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    The Biggest Crowdfunding Campaign You’ve Never Heard Of

    by Khari Johnson
    April 16, 2015
    Ry Rivard is the first full-time hire to increase VOSD in years. His arrival represents the beginning of a new phase of expansion, a strategy for growth that’s either the biggest crowdfunding campaign in journalism that you’ve never heard of or something else entirely.

    Monday was Ry Rivard’s first day at Voice of San Diego (VOSD).

    He comes to the nonprofit news outlet from Inside Higher Ed in Washington D.C. and will work as an investigative reporter focusing on issues like housing and development.

    “If we’re going to be figuring these things out, we’re going to have to be asking the questions to get the answers, to look at pragmatic approaches to how we’re going to deal with these issues.”

    Rivard fills the first new reporting position since 2011 and is the first person hired to increase full-time VOSD editorial staff in years. His arrival represents the beginning of a new phase of expansion, a strategy for growth that’s either the biggest crowdfunding campaign in journalism that you’ve never heard of or something else entirely.

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    “I just want to be clear it’s not typical crowdfunding,” said Mary Walter-Brown, VOSD Publisher and COO. Walter-Brown oversees VOSD’s revenue generation and membership program. “This is our long-term vision of what we want our staff to look like, and little by little we need to raise enough money to hire each of these reporters.”

    Rivard’s salary is paid for by the Bigger Voice Fund, the publication’s philanthropy-crowdfunding hybrid that started last year to raise $600,000 and hire six new full-time reporters to focus on issues pertinent to the city’s future.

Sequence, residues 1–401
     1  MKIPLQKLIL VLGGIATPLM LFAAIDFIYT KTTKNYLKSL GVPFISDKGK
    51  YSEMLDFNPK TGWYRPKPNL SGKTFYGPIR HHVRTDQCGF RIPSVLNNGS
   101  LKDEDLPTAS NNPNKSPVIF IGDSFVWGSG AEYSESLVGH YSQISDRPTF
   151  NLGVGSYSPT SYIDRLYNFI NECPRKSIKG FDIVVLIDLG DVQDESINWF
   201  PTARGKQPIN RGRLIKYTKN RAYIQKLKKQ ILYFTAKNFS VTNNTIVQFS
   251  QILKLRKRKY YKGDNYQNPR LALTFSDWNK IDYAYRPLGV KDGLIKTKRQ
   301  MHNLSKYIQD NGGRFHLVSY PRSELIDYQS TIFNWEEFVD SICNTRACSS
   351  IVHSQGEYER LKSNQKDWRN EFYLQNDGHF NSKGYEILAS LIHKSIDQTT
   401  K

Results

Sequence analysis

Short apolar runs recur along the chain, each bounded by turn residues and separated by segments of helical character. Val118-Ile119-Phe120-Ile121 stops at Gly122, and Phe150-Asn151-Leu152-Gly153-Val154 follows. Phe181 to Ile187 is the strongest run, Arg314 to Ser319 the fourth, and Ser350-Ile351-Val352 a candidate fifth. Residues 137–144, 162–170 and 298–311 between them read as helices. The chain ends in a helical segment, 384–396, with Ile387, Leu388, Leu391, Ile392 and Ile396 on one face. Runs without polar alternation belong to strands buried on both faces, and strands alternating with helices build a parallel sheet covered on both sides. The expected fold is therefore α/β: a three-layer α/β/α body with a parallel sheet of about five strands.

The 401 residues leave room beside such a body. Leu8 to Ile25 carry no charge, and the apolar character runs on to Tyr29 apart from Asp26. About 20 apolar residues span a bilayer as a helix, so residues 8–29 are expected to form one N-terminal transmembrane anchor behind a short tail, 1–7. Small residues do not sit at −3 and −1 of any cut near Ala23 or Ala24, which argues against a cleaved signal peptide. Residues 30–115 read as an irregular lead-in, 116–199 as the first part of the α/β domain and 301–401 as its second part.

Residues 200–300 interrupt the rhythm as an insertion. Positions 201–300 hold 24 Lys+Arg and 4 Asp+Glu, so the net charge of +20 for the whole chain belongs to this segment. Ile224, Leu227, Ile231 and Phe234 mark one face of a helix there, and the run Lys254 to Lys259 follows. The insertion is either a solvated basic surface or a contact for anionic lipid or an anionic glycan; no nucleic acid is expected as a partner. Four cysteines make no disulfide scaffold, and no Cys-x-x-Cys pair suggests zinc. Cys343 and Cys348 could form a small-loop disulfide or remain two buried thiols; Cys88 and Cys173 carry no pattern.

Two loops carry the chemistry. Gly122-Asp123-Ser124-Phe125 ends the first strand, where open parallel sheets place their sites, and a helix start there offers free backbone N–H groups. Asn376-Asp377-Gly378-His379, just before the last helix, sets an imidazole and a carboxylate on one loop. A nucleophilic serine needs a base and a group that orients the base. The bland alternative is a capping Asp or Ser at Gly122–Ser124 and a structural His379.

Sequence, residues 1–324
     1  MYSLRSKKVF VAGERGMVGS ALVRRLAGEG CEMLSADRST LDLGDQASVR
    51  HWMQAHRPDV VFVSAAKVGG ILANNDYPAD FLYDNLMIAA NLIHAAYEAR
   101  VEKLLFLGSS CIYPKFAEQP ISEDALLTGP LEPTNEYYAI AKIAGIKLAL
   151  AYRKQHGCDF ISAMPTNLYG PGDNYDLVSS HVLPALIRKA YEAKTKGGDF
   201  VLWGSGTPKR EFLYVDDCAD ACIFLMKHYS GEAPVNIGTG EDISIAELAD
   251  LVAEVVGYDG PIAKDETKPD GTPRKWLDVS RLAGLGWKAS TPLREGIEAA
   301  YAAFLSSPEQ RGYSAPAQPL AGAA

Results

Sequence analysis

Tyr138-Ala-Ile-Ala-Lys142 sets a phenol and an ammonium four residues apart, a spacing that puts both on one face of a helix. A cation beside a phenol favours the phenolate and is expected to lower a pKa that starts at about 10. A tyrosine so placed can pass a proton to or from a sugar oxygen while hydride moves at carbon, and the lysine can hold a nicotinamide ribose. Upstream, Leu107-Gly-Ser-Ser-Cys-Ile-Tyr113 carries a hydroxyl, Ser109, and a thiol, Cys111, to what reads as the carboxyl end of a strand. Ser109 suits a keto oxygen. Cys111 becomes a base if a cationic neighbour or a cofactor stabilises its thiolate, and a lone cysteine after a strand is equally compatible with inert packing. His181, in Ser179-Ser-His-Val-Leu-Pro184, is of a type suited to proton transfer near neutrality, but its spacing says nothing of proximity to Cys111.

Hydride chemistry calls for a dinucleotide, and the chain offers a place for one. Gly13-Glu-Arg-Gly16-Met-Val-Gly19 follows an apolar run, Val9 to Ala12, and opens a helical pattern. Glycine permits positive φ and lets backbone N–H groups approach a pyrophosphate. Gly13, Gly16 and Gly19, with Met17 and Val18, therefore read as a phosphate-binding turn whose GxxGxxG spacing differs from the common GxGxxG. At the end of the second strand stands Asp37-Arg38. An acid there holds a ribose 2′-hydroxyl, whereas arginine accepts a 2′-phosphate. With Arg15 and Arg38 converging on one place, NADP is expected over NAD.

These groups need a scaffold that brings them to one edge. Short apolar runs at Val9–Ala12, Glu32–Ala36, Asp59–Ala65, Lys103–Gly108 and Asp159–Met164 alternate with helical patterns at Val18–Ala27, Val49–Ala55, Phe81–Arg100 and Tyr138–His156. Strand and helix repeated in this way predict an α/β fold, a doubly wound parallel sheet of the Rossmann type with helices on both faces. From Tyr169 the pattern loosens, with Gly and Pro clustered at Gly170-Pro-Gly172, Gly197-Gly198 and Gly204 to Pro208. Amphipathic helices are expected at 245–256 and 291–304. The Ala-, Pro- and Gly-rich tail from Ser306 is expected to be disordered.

Image originally posted on Through the Cracks

    Image originally posted on Through the Cracks

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    That’s several times more than the highest grossing campaigns in the Journalism category on Kickstarter, but unlike Kickstarter this isn’t one big 30-day campaign. Each position will be funded one at a time, likely no more than one to two a year, Walter-Brown said.

    Depending on the size of a contribution from a local foundation next month, crowdfunding could begin soon to hire a reporter who covers a reliable resources beat, she said.

    Then comes education, community enrichment, jobs and good government.

    The topics investigative journalists will focus on were determined with help from a San Diego Foundation report, which highlights issues expected to impact the region in the future.

    “I think having a tangible thing you can raise money for is very compelling,” Walter-Brown said. “If we’re going to be figuring these things out, we’re going to have to be asking the questions to get the answers, to look at pragmatic approaches to how we’re going to deal with these issues.”

    Beginnings

    The first year of Bigger Voice Fund positions are paid for in full with money raised from large donors or grants. Whatever can’t be raised from those sources, if a “bite-sized piece” remains, will be sought from VOSD members.

    The second and third year of the reporter’s salary is increasingly paid for by VOSD until eventually VOSD pays the reporter’s full salary.

    Major donors like the addition of crowdfunding, Walter-Brown said.

    “A lot of times donors get very excited about that and say ‘I’ll give you $50,000 if you can find the rest,’” Walter-Brown said.

    In 2013 donations of more than $5,000 made up 43 percent of total revenue and 71 percent of membership revenue. In the case of Rivard’s position, funding came entirely from grants, Walter-Brown said.

    “Obviously we don’t want to rely on foundations to provide funding for everything. We want to be self sustainable,” she said.

    Growing, changing